For the last time, there is not a secret exit from the bathroom. If by some miracle I beat you there and manage to get the door shut, it is not necessary to claw, whine, meow, and try to turn the knob or get your paw under the edge and try to pull the door open. I must exit through the same door I entered. Also, I have been using the bathroom for years -- canine or feline attendance is not required.

The proper order is kiss me, then go smell the other dog or cat's butt.

I cannot stress this enough!

Sunday, May 20, 2007

Tropical Fish Auction

I'm assuming most people haven't been to a tropical fish auction. Basically, it's organized by an aquarium society as a fundraiser. Fish hobbyists and enthusiasts who breed fish in their home aquariums can bring their "babies" (or any other fish they no longer wish to keep) to the auction. Other fish fans bid on the auctions. The money collected is split between the host society and the people who brought the items to sell.

In addition to fish, there are a ton of "dry goods" including food, filters, books, and other supplies. For anyone interested in the hobby, finding a local auction is definitely worth your time. I came home from one today and scored lots of goodies including 5 new Angel Fish, plus lots of food and water conditioner. My pets always seem to eat better then I do, and the fish are now set for at least several months.

The benefits to buying fish at auction rather then at a store is that in general, the hobbyists breeding the fish take more care and pride in the health and wellness of the fish then most pet stores would. Most of these people are breeding more for the hobby aspect then for the money. Anyone doing out this out their homes is most likely operating at a loss, so its more about the challenge and fund of breeding then it is about the value of the fish at sale.

Another reason the auctions are fun is because there are a lot of fish you don't normally see at a store. Some are rare, some are tougher to maintain, and some just aren't profitable for the store to carry.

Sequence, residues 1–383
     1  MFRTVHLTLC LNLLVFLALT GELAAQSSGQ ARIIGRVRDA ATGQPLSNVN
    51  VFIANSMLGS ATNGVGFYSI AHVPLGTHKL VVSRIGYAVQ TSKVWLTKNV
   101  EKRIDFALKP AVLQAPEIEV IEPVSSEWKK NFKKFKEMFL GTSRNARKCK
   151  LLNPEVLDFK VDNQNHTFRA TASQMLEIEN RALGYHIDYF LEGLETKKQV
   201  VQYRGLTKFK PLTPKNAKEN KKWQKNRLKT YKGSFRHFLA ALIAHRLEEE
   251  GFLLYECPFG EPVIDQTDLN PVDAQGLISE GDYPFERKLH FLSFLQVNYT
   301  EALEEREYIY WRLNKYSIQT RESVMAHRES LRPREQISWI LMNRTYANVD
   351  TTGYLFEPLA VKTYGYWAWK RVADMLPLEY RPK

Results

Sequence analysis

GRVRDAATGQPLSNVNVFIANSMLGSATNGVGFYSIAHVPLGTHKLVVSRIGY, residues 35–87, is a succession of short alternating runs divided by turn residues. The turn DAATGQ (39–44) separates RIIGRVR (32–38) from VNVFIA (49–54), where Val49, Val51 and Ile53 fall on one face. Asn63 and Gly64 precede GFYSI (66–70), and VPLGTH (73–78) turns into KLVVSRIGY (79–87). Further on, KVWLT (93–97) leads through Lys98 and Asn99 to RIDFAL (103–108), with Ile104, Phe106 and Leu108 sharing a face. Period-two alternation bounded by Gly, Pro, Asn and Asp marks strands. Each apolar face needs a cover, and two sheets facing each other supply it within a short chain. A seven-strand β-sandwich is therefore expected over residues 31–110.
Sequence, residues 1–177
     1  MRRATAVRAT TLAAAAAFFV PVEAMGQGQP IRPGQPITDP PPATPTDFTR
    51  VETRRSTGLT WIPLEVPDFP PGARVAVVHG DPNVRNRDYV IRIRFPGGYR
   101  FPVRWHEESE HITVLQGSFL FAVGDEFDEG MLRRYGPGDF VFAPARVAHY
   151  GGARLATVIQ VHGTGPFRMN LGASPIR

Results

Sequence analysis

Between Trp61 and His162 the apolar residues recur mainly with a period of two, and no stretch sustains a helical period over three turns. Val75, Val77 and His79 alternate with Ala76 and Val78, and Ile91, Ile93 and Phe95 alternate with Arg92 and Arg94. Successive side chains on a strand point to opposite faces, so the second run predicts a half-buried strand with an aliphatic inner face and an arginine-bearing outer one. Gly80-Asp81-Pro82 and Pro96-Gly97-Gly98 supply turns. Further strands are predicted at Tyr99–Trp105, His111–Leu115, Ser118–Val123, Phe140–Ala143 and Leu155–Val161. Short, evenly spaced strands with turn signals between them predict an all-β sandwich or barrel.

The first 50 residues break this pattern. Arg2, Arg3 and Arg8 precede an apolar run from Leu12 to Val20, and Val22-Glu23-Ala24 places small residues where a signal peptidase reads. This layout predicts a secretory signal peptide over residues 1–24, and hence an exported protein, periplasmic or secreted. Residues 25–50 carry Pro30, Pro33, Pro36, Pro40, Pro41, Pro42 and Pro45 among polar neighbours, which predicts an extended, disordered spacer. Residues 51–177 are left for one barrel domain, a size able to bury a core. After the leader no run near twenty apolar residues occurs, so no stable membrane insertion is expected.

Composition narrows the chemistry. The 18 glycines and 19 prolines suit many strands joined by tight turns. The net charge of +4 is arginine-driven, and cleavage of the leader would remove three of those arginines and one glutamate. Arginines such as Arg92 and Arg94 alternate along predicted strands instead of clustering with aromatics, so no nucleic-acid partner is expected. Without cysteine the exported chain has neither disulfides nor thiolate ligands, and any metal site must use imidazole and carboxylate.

In addition, most of the time at an auction, you can get fish and dry goods for much cheaper then what you'd spend at a store.

I know it might sound a bit nutty to spend a Spring afternoon at a fish auction, but if you enjoy this hobby, it might be worth your time to check one out.

Trackposted to The Pink Flamingo, Webloggin, Diary of the Mad Pigeon, and Big Dog's Weblog, thanks to Linkfest Haven Deluxe.

Thursday, May 17, 2007


I hate matter if it's for humans or pets. Today, we had Rocco "altered." It was somewhat of a typical day at any hospital. Just like when humans have an operation scheduled, I got to the vets office at the scheduled time of 8:30AM and had to wait forever for our turn to see the "nurse," or in the animal world, a surgical technician.

So we meet with a very nice young lady, get our dog prepped for surgery, and go on with our day waiting for the vet to call.

We received the call around 1 PM that the surgery went well, and we were told to come back after 6PM to pick up our pup. Seemed like a long time in the puppy recovery room, but no sense in worrying.

When we went to pick Rocco up, we were met with another "nurse." She gave us the post-operation procedures, told us what type of potential problems to look for, and sent us on our way with a written list of things to know. Never once did we see the vet. At least for human surgeries, you see your doctor at some point.

So now Rocco is home recovering, and has to get his rest. How do you get a dog to rest? I'm not sure, but I have to find a way to keep him from running for at least a week. No jumping either. Should be interesting.